Scabies is an infectious parasitic dermatopathy which is the result of the mite of scabiei and is transmitted between humans through direct or indirect contact. The mite of scabies shows preference to skin areas which are thin and hairless. On the contrary, it avoids areas of high hair density most probably as they inhibit its course on the skin during burrowing.
It is characterized by itching and burrowing formation which develop mainly in the area of the finger webs, the palms, the wrists and the knee joints. The burrows are formed by female mites which penetrate the skin and deposit their eggs of which new parasites will emerge. The patient should be particularly meticulous in following the instructions. All the members of his/ her family should undergo treatment along with the patient. No commitment to treatment is necessary for individuals who had any casual contact with the patient, such as a handshake. To be on the safe side, linen, underwear and all garments used by the patient and his family should be disinfected and dry cleaned at high temperature.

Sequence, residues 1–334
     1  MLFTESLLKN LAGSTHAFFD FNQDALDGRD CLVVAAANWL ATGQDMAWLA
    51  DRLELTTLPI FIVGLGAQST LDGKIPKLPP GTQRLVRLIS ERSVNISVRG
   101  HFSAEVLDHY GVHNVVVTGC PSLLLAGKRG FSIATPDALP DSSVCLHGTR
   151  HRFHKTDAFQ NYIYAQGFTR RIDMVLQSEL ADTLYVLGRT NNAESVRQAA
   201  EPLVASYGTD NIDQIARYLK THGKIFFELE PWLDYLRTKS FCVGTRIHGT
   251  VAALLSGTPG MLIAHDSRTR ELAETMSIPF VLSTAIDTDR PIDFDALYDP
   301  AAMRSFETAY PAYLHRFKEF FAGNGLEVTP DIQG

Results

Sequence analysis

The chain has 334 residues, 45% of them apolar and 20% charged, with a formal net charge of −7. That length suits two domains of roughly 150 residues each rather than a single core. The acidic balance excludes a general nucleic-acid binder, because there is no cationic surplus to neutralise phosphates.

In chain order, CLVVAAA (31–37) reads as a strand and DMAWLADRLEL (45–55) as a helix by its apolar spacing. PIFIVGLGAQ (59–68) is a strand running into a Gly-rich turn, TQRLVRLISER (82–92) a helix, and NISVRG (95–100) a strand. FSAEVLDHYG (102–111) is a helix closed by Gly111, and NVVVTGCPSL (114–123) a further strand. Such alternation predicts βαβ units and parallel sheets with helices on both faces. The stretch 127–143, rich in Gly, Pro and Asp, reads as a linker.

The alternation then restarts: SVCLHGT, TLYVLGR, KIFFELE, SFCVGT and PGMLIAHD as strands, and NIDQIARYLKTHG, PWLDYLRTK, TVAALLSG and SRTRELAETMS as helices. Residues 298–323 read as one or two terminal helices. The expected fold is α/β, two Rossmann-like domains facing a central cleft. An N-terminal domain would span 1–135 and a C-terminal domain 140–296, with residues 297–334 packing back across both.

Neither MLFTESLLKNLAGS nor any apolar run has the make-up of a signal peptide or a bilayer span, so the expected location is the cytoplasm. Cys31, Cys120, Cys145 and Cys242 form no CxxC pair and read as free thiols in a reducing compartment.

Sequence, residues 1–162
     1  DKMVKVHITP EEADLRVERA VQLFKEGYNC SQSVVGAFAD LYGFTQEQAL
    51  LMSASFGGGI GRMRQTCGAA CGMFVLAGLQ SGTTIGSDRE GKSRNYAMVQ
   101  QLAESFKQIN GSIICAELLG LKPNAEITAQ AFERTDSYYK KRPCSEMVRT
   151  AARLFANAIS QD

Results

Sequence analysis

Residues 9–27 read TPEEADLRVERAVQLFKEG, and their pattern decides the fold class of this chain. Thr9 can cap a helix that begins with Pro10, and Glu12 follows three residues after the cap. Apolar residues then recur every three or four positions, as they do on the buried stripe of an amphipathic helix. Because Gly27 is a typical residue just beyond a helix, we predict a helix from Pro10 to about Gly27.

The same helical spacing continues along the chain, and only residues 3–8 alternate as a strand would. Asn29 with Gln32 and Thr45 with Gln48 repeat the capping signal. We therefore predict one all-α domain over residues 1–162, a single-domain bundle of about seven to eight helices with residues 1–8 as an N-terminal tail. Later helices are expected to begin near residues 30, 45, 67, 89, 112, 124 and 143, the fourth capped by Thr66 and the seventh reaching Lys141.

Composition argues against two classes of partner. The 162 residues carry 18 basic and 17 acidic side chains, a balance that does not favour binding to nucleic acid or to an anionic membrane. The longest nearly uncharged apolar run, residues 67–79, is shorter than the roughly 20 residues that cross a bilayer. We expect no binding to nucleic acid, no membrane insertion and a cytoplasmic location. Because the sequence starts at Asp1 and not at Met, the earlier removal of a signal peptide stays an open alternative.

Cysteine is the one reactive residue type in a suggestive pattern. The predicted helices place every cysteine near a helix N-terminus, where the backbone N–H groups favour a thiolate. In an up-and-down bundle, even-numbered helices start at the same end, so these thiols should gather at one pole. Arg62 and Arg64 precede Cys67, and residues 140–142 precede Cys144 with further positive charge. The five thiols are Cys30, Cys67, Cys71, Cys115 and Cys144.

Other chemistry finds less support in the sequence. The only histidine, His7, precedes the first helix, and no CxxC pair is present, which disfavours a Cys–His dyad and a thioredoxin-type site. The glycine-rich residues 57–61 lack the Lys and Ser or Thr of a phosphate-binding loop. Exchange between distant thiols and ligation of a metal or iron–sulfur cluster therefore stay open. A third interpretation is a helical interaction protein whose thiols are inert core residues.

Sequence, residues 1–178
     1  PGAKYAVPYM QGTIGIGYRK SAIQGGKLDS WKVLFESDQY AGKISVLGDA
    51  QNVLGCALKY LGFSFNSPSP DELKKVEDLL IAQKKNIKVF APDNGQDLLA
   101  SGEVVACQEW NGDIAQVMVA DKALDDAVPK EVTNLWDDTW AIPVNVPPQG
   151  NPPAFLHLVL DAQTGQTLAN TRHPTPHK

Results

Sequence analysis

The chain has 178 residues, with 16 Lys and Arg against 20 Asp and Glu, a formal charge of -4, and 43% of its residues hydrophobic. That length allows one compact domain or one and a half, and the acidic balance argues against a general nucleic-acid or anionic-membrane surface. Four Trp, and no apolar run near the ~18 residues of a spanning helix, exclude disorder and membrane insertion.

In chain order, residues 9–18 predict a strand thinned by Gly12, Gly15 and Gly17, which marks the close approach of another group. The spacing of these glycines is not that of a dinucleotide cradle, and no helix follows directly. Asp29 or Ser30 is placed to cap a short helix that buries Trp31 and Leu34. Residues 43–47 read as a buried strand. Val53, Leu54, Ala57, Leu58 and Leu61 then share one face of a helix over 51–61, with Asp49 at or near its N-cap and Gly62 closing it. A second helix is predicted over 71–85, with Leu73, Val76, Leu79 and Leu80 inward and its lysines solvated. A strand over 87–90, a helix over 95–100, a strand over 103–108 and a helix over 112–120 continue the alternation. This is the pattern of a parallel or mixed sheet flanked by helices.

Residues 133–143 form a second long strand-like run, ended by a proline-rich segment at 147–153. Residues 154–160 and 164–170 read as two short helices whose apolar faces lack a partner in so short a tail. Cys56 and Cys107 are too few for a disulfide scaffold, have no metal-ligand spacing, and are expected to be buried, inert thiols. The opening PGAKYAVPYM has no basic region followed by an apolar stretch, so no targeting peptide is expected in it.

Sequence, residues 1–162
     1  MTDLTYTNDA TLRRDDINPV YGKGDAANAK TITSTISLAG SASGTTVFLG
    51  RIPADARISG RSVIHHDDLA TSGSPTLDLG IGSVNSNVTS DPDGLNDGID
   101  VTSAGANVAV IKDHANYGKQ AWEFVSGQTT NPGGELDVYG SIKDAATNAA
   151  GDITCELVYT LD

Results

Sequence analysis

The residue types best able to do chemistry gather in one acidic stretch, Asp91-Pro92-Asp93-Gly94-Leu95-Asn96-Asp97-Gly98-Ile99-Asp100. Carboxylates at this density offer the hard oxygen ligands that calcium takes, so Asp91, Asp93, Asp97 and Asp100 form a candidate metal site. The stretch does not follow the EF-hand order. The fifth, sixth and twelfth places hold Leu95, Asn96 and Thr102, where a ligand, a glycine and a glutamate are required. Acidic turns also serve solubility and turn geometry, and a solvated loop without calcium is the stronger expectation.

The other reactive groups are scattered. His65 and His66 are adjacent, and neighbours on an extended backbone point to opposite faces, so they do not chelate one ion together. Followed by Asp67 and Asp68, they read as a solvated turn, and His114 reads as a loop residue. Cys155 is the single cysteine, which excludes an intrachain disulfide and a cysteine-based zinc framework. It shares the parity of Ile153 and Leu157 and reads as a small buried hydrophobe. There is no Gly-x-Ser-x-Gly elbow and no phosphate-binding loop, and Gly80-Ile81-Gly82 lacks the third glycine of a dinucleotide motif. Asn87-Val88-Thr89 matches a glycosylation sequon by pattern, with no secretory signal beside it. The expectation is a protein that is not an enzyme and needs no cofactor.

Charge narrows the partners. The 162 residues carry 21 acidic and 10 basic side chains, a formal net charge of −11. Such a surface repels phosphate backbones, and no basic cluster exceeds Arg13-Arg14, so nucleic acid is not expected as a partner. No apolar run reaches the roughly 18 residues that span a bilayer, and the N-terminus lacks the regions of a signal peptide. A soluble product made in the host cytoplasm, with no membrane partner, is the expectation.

From the beginning of symptoms of scabies and until it is diagnosed there is usually a period of time of intense itching. The patient should not use hard sponges and brushes during bathing. The patient is relieved of the symptoms of scabies within three days from the beginning of treatment and ceases to transmit the infection about 24 hours after the completion of the treatment with an effective anti-scabies agent.
Scabies deformities are not observed either on the face or the back or the scalp. Treatment should be extended to all individuals who live or come in close contact with the patient. Regular washing of hands, daily bathing and avoidance of other people’s garments can prevent scabies.